How Can a System and Organization Controls (SOC) Report Help?
A SOC 1 (formerly SSAE 16) audit is designed to provide a user auditor with a basis for identifying and assessing the risks of material misstatement at the financial statement and internal control assertion levels related to the services provided by the service organization.
A SOC 1 report (type 2) includes the following:
- Management’s description of the service organization’s system
- Management’s written assertion
- The service auditor’s report in which the service auditor expresses an opinion on the fairness of the presentation of management’s description of the service organization’s system
- The suitability of the design and operating effectiveness of the controls to achieve the related control objectives included in the description throughout a specified period.
Type 1 audits cover the same areas; however, the auditor’s opinion only addresses the suitability of the design of controls at a point in time. There is no assurance that controls were operating effectively over a period of time. For additional information, check out our blog on SOC Report Types (1 vs 2).
A service organization can greatly reduce the number of resources expended to meet user auditors’ requests by having a Type II SOC 1 audit performed. The service organization can have the SOC audit performed once and then can simply provide a copy of the report to its clients’ auditors rather than having to respond to individual requests or having multiple process audits performed each year by user auditors.
Do I need a SOC 1, 2, or 3 Report?
As there are different types of SOC audits, it can be difficult to keep them straight. How do you know which one is the one you need? Hopefully, this brief summary will be helpful to you:
SOC 1: These reports are intended to help your client’s auditors evaluate the effect of the controls that you perform on your client’s financial statements.
SOC 2: These reports are intended for a broader range of user organizations. A SOC 2 report provides information about your control environment and assurance that it is operating effectively as they relate to the AICPA’s Trust Services Criteria, and Illustrations for Security, Availability, Processing Integrity, Confidentiality, and Privacy. So, if you are housing or processing sensitive data for your client, but it does not have a material impact on their financial statements, this is likely the SOC report you’ll need.
SOC 3: These reports, like SOC 2 reports, address the Trust Service Principles. The main difference is that they do not provide the same level of detailed information as a SOC 2 report. However, a benefit is that this type of report may be used in marketing. These are less common. We typically see this as an add-on report made for clients who are also receiving a SOC 2 report.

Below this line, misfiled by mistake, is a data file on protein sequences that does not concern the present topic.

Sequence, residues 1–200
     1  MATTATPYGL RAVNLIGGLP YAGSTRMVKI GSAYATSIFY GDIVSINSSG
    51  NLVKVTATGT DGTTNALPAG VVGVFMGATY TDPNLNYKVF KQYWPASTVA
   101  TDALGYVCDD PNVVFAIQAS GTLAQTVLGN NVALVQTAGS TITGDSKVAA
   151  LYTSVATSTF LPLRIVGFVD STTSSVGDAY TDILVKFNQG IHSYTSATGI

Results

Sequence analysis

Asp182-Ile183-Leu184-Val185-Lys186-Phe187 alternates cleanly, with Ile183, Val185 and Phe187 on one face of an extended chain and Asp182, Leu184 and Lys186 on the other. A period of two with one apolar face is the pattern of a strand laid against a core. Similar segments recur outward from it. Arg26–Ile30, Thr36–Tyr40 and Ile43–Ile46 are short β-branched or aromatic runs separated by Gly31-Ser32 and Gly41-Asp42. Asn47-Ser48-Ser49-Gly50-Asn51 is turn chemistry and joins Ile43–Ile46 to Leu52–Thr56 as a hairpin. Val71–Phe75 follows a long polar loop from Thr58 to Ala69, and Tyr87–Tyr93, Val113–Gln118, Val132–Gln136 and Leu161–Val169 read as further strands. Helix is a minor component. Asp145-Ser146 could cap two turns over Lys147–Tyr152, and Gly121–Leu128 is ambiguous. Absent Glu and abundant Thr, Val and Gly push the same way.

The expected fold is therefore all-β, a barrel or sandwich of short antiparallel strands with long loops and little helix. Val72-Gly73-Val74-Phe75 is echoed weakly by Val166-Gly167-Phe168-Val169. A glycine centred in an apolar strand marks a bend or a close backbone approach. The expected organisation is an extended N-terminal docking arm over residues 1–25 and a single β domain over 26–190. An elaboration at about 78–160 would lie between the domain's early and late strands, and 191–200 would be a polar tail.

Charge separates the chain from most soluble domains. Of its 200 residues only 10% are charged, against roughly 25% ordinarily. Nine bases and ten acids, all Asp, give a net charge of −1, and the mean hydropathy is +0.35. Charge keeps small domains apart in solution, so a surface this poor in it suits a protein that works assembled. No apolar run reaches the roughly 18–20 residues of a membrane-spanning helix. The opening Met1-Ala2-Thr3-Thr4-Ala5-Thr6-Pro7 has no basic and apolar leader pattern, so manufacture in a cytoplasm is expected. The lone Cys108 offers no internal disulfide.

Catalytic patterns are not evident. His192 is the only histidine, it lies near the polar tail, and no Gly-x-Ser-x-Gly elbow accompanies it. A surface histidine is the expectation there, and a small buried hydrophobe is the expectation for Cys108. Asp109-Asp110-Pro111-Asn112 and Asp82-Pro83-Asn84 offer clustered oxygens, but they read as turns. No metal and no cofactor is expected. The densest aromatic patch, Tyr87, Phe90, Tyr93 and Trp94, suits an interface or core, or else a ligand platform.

Click here if you would like more information on SOC reports from the AICPA’s website.
In summation, assertions are claims made by members of management regarding certain aspects of a business. Independent auditors use these representations as the foundation from which they design and perform procedures to test management’s assertions and form an opinion. A lot of work is required for your organization to support the assertions that your management team makes. And lastly, if you are a service organization you should be cognizant of the need to maintain a strong control environment to support your clients.
If you are planning for an upcoming attestation, whether it be a SOC 1 Audit, SOC 2 Audit, HIPAA Audit, or HITRUST Audit, or if you have additional questions about our Audit Process, and would like to retain the services of Linford & Co, please contact us.
Isaac Clarke is a partner at Linford & Co., LLP. He began his career with Ernst & Young in 2003 where he developed his audit expertise over a number of years. Isaac specializes in and has conducted numerous SOC 1 and SOC 2 examinations for a variety of companies—from startups to Fortune 100 companies. Isaac enjoys helping his clients understand and simplify their compliance activities. He is attentive to his clients’ needs and works meticulously to ensure that each examination and report meets professional standards.